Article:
[youtube http://www.youtube.com/watch?v=GKcdvg6Ay_w&w=500&h=305] 2012 marked a number of musical events, including the 50th anniversary of the Beatles’ debut single “Love Me Do.” The limited-edition anniversary “Love Me Do” single represents just one of many Fab Four-related products released this past year.
Post Tagged with: "George Harrison"
Live albums and reissues give us a chance to take stock, be that in reevaluating something you once hated and/or missed — or, even more rewardingly, gaining fresh perspective on songs you thought you knew by heart.
‘That was the gotcha moment for me': Peter Frampton remembers his first experience with the talk box
Peter Frampton’s famous talk box is back in a big way, found everywhere from his new FCA! 35 Tour release to that funny commercial for Geico auto insurance. But where did he first hear this unusual device?
‘There was this funny little kerfuffle in the studio': Jeff Lynne on his Wilbury relationship with Bob Dylan
Jeff Lynne, so meticulous in the studio that he’s now painstakingly rerecorded all of the Electric Light Orchestra’s best-known hits, wouldn’t seem to be a great fit with the famously low-fi Bob Dylan.
A rare talk with co-founding Band multi-instrumentalist Garth Hudson, presented in two parts over the course of November, shot to the top of our November 2012 readers poll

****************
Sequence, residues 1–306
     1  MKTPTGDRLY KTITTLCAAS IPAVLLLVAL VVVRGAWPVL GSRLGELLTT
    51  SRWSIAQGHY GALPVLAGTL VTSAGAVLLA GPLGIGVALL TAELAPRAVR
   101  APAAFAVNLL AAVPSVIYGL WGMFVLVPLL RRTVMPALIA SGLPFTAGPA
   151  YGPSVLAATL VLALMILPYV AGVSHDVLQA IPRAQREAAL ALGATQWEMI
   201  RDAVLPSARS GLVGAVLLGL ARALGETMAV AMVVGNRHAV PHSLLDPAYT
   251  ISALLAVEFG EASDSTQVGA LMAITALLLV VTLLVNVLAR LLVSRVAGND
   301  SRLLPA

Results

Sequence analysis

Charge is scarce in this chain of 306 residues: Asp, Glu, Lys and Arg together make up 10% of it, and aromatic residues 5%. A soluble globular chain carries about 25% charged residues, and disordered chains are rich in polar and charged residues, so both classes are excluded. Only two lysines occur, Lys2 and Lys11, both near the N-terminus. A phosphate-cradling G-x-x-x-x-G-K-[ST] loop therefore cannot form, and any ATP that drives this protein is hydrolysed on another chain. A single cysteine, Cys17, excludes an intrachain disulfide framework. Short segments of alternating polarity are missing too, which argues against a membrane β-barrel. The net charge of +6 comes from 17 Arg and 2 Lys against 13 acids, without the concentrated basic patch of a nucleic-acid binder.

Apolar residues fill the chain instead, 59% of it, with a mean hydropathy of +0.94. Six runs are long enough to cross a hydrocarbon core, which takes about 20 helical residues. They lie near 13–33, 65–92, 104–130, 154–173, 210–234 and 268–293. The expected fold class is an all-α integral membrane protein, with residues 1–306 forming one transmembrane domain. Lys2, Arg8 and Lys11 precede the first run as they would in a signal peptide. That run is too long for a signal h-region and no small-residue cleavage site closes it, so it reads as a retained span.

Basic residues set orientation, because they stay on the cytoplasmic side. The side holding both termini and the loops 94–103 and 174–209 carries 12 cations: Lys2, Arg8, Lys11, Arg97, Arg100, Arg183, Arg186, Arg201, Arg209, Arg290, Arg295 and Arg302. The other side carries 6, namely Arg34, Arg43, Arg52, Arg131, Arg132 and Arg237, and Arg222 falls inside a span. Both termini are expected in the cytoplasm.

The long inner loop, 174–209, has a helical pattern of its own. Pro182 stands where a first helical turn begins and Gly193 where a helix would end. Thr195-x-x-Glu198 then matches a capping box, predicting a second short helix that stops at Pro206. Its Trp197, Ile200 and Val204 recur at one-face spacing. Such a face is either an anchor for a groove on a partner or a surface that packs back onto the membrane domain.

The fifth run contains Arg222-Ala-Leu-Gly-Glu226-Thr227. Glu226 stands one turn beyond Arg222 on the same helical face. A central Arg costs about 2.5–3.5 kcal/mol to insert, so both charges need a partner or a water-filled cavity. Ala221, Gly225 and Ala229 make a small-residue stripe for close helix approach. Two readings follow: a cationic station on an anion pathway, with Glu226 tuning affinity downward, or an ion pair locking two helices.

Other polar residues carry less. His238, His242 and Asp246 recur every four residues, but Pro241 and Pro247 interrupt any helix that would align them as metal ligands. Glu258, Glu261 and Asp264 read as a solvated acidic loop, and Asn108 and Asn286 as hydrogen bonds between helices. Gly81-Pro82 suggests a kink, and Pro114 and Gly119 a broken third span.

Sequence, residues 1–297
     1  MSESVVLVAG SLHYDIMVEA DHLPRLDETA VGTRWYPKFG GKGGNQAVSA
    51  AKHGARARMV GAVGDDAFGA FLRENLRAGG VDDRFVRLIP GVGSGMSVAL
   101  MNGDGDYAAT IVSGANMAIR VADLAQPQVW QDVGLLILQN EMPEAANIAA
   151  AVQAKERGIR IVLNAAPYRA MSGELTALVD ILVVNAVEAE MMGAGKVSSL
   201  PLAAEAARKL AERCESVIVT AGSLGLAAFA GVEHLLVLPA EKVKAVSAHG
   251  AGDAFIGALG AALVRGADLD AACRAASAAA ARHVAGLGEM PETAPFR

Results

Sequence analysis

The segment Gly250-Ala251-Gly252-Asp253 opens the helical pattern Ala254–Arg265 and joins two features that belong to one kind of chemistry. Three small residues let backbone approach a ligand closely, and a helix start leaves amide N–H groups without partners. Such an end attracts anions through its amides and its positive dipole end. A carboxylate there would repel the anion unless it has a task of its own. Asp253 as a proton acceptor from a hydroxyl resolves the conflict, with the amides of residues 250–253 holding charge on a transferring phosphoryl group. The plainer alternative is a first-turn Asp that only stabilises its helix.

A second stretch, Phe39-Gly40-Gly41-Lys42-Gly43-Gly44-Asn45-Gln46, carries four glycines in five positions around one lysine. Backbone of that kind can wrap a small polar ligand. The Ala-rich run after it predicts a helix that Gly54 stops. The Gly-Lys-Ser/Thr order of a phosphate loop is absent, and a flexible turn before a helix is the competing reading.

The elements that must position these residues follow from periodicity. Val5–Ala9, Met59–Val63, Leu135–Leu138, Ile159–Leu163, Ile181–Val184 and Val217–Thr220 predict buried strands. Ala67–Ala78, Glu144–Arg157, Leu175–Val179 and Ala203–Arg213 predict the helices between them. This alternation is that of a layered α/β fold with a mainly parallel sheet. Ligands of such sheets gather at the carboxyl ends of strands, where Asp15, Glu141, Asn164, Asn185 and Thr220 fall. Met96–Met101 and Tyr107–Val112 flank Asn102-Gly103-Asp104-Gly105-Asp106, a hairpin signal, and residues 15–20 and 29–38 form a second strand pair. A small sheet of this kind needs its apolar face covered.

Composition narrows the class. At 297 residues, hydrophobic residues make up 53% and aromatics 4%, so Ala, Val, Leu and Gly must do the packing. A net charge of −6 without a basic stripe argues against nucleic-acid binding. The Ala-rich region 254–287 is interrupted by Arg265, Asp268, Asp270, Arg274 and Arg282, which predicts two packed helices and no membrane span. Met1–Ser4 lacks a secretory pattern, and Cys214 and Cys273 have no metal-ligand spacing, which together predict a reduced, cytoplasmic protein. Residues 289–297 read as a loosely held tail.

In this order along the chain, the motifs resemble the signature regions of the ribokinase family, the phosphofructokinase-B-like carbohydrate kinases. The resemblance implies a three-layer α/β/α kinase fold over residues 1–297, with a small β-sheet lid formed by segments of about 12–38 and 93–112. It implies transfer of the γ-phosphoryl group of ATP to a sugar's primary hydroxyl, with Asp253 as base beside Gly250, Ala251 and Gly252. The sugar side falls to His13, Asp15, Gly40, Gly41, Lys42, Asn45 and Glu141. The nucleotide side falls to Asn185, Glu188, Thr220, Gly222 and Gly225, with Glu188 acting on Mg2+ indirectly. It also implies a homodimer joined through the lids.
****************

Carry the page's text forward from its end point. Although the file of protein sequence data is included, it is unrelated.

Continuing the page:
Unlike many bands, the Beatles’ B-sides were often just as good, if not better, than the A-side single. Case in point: “For You Blue,” the B-side to the hit single “The Long and Winding Road.”
1967 marked a crucial transitional period for the Beatles; they recorded the groundbreaking Sgt. Pepper’s Lonely Hearts Club Band; performed “All You Need Is Love” on the Our World broadcast
For all of the promise that greeted their time apart — we’ll get four Beatles albums a year now! — the reality was far different as Paul McCartney, John Lennon and George Harrison embarked on solo careers.
Dhani Harrison, in an interview with Neil McCormick of the Telegraph, laments the pressure put on children of famous musicians — openly wondering why artists in other professions like acting get a pass.
As the Beatles’ career progressed, George Harrison gradually developed into a first-class songwriter on a par with the formidable John Lennon/Paul McCartney partnership.